Checkout their social media sites for project ideas:

Overall, the M5Stack is a very nice development platform. The team did a great job. Attention to detail is self-evident — the hardware, the software, the user manual, the packaging. The M5Stack is a great prototype platform.

bladeRF enclosure – made from laser cut acrylic

I made an enclosure for my bladeRF board from laser-cut acrylic (also known as “Perspex”). This is the first time I experimented with custom laser cutting. The laser cutting service is provided by SeeedStudio. I’m very pleased with the result, see photos below.

bladeRF acrylic enclosure

bladeRF acrylic enclosure

The acrylic used is 2.55 mm thick. The PCB is mounted to the bottom plate using eight M2.5 hex spacers. The top plate and the bottom plate are held together by four M4 hex posts.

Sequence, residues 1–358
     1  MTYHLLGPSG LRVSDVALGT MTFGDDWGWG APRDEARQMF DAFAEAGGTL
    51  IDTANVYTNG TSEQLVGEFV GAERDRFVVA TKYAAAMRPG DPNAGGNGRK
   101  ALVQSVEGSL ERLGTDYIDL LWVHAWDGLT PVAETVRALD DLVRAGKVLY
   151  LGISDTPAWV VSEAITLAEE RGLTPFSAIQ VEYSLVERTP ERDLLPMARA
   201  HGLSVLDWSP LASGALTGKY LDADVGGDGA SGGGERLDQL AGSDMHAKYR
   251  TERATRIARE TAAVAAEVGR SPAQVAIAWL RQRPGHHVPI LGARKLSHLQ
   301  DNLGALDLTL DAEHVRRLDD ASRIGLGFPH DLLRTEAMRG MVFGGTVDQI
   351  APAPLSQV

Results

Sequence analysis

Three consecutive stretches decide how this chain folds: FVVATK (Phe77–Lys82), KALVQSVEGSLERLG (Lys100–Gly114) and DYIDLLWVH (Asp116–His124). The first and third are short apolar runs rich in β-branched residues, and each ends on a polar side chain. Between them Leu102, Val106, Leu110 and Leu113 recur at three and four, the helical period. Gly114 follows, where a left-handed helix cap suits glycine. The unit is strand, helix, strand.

Laser-cut acrylic is good for making a prototype enclosure. It is quick and easy to design. It requires no effort in producing them. It also has a nice distinctive look.

ViewRF software – RTL-SDR Spectrum Analyzer for BeagleBone Black

In my previous blog entry I demonstrated my RTL-SDR based spectrum analyzer running on the BeagleBone Black (BBB) with a 7-inch touchscreen LCD.

In this entry I’ve provided instructions on how you can run this software on your own BeagleBone. I’ve released the software – ViewRF – under the GPL license. You can download the source code hosted on GitHub.

The hardware you need (other than the BeagleBone itself) is the RTL2832U based DVB-T (digital TV) USB dongle. See RTL-SDR wiki for a list of supported hardware. I’ve tested the software with dongles based on the Elonics E4000 tuner and also the Rafael Micro R820T tuner. These dongles are available from various online shops.

The software has been designed to run on a 800×480 resolution screen, ie the resolution of the 7 inch LCD cape.